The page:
Hegel helps me with the concept of having babies

Hello friends, so I'm sure other people have had this experience, but I had a child because my wife really really wanted to, and I wanted to make her happy. But in the leadup, I kept asking her, can you explain what meaning I'm supposed to get out of this? Why exactly do we want to do this?

If you thin about it, there is one rock-solid reason to have a child: you really really want to. But if you don't have that strong desire, it becomes a rather difficult thing to explain why child-having is good. Because obviously you can't have a child merely for the pleasure or the joy they might give you. For one thing, the joy might not arise. For another, it seems morally wrong to bring a human being into this world merely to serve your own emotional needs.

I would ask my wife, wait so are we having a child just because we want to? But is that right? I mean, why should the child's entire existence be contingent on our wants and desires?

It's very perplexing. But we did it, and we had the child, and it's been pretty good. Generally speaking, people are like, "Once the baby is here, you'll understand everything!" And I would say that didn't happen. I was still like, what is the purpose of this experience? What should I be getting out of this?

On the other hand, it wasn't nearly as unpleasant as I'd been led to believe it would be. We only had one child--we were both home because of the pandemic--she slept through the night relatively easily--and it was all fairly manageable. And she is definitely the cutest little baby person that's ever existed, and she's a joy to have around, and I love her and would die for her but more importantly am willing to ferry her around the house and watch her play with piles of laundry for hours and I don't get too upset when she has tantrums, because whatever it's gonna be over in fifteen minutes anyway. So that's all fine.

But the other day, as I was watching her play on the downstairs bed with Rachel's father, I had an epiphany: child-having is its own thing.

You just can't explain it in terms of other activities you might undertake. It's not a job. It's not like creating a work of art. It's not a gift, either to you or from you. It's a very unique thing to do that is unlike every other thing you might do.

You have kids because that's what you do. Just like your parents had and raised you, you have another child. And obviously it's not totally disconnected from your own emotional needs and life goals, and obviously there is no moral imperative to have kids, but you also don't need to justify it or even particularly to want it. Having a child is meaningful in itself. It comes with its own purpose. You have a duty to love the child and raise them well, regardless of how or why they came into the world. Many kids weren't planned at all. The parents had no choice about whether to have them (I support a woman's right to choose, but let's say you're a man and the baby's mother chooses not to abort)--it doesn't matter, you still have to love that baby and raise it well.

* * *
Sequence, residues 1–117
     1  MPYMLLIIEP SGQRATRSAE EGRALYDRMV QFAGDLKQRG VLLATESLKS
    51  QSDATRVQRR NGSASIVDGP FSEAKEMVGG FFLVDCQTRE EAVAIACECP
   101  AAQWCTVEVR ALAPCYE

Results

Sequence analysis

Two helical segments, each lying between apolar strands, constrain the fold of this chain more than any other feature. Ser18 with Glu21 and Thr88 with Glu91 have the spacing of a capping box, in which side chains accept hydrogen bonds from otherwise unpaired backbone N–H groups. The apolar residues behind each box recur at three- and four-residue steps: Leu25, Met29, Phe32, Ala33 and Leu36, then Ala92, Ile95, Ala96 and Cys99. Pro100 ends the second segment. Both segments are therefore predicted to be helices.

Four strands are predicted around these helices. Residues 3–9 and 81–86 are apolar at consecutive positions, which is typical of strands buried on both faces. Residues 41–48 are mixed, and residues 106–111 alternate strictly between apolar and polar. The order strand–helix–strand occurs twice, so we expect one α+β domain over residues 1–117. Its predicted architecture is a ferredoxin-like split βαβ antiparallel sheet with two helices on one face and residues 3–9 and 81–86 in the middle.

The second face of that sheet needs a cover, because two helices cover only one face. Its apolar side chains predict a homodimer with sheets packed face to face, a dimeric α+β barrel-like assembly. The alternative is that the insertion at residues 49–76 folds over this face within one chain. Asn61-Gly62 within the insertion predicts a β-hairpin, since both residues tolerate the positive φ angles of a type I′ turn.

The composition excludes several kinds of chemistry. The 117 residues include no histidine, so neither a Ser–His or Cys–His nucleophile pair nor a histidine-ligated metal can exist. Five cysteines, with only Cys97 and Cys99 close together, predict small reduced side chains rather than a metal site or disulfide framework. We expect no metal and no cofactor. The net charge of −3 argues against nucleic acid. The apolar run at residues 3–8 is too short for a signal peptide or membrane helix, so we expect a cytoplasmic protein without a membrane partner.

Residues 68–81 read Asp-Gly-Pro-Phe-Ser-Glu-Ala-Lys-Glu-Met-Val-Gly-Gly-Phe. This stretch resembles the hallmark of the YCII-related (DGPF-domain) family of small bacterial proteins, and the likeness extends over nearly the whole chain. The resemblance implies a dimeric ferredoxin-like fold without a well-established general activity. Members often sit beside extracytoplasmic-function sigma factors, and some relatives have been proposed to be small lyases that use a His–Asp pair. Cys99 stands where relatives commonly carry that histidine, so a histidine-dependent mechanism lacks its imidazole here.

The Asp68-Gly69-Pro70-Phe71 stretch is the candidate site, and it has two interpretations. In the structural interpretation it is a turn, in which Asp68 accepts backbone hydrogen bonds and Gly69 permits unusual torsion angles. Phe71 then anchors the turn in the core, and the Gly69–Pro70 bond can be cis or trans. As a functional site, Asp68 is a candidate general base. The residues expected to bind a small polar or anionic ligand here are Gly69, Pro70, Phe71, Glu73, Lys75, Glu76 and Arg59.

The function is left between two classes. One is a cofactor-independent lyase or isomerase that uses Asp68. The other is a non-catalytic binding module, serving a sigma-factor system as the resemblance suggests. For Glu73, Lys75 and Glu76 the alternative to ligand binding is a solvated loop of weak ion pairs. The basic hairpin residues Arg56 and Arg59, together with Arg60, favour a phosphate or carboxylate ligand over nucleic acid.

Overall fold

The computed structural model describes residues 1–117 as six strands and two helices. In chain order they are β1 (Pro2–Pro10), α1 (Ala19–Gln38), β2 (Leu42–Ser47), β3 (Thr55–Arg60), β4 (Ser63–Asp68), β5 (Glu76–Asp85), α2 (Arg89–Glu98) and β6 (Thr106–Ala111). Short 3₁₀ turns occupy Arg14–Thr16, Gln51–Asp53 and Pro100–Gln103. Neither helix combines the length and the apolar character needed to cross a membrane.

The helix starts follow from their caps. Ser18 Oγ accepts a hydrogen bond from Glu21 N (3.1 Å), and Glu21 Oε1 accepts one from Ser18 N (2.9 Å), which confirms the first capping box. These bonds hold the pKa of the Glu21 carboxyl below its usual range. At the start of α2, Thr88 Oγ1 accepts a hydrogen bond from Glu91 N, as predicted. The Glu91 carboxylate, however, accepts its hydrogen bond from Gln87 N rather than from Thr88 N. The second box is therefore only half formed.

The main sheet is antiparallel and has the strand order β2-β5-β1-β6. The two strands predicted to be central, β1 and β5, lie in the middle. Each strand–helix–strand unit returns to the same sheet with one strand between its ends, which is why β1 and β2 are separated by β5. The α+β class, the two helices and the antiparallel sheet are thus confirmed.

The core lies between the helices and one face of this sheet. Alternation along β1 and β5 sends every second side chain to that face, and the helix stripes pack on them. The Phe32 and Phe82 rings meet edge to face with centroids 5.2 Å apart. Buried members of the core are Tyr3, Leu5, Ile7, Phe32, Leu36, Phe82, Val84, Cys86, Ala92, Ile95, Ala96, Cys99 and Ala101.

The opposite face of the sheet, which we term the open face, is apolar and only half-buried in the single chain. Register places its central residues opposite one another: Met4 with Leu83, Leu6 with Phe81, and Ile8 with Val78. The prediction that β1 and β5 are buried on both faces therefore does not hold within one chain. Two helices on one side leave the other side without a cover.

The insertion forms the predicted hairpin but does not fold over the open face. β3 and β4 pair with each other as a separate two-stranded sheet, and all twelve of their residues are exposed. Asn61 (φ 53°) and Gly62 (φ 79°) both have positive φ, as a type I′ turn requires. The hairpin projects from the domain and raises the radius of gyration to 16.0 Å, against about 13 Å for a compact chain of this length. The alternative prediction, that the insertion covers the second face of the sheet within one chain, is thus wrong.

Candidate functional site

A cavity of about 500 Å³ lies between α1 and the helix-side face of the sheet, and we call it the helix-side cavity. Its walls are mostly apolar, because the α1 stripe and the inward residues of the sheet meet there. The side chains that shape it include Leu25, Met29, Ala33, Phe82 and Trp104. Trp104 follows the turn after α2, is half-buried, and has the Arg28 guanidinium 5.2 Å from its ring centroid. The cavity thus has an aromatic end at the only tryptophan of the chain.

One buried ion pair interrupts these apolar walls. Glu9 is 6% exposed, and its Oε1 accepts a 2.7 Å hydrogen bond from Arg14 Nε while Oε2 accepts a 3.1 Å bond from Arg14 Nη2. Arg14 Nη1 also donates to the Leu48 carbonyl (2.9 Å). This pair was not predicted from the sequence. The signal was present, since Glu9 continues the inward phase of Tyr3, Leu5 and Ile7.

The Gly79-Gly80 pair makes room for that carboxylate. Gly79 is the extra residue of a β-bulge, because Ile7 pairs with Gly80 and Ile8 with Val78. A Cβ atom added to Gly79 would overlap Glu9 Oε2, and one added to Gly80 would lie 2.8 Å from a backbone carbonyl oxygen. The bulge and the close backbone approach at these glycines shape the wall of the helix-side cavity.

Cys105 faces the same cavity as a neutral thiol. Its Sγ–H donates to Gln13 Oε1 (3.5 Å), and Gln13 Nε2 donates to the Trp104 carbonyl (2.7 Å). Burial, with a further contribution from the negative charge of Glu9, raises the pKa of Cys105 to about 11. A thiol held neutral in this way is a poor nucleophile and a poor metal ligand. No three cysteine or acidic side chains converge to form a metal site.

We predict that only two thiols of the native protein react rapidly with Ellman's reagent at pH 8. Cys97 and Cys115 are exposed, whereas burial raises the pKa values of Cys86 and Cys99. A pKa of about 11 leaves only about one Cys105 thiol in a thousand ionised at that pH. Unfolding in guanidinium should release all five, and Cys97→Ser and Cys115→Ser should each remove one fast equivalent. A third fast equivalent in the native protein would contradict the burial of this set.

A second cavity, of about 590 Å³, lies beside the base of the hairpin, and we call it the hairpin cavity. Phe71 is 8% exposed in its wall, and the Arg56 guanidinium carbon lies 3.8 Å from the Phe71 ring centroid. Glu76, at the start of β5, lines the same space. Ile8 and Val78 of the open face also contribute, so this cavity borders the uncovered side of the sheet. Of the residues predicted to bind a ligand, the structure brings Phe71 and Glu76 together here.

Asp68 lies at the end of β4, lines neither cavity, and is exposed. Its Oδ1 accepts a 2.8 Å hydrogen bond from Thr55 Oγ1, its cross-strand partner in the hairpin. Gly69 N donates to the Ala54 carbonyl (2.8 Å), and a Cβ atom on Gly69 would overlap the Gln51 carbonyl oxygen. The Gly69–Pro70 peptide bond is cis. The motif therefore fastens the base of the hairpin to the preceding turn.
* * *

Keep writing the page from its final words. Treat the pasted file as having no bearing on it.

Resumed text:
So yes, I still can't say what meaning it has precisely, or what value it's added to my life, but I don't need to: raising a child is an end in itself. Even if you enter into it on a contingent basis, thinking it'll improve your life, that contingency evaporates once the child comes.

As some people might be able to tell, I've been reading Hegel's Phenomenology of Spirit, and I've gotten to the part where he talks about how the ethical substance is the basis of two laws, the human law and the divine law. And the human law is actualized in the state and in society, while the divine law is actualized in the family life. I'm sure this isn't comprehensible to you, but believe me, I'm making it a lot more comprehensible than it is in the book.

Anyway, it obviously breaks down, like all Hegel's triads do eventually (the human being experiences the divine law as living, but the human law as dead, so blah blah blah, I haven't gotten to the next part yet), but it made sense to me! There is something divine about the family life, the way it can provide meaning freely, without competition, without a zero-sum game, without taking anything away from other people.

Hegel is also big on how reason provides forms for things, but it's lacking on the content. For instance, you can reason your way to "I should do something with my life", but what is the something? What is the specific content of that thing you should do.

Hegel seems to skate around the idea of where that content comes from. He can't say 'it should come from biological nature and necessity' because then there's no room for reason and self-determination, and at the same time he can't say 'it should come from reason', because that is clearly false and impossible. He wants to say 'the content comes from tradition', but that too is problematic, because then there's no need for philosophy.

It's hard to say where the content comes from! The closest you can say is that it's a dynamic process, where the individual grapples with tradition and with society and somehow they come to know the answer. But this is my answer: having kids is just not like other things; it is its own thing.

That being said, I'm definitely not having another one =]

close up photo of a red shoe
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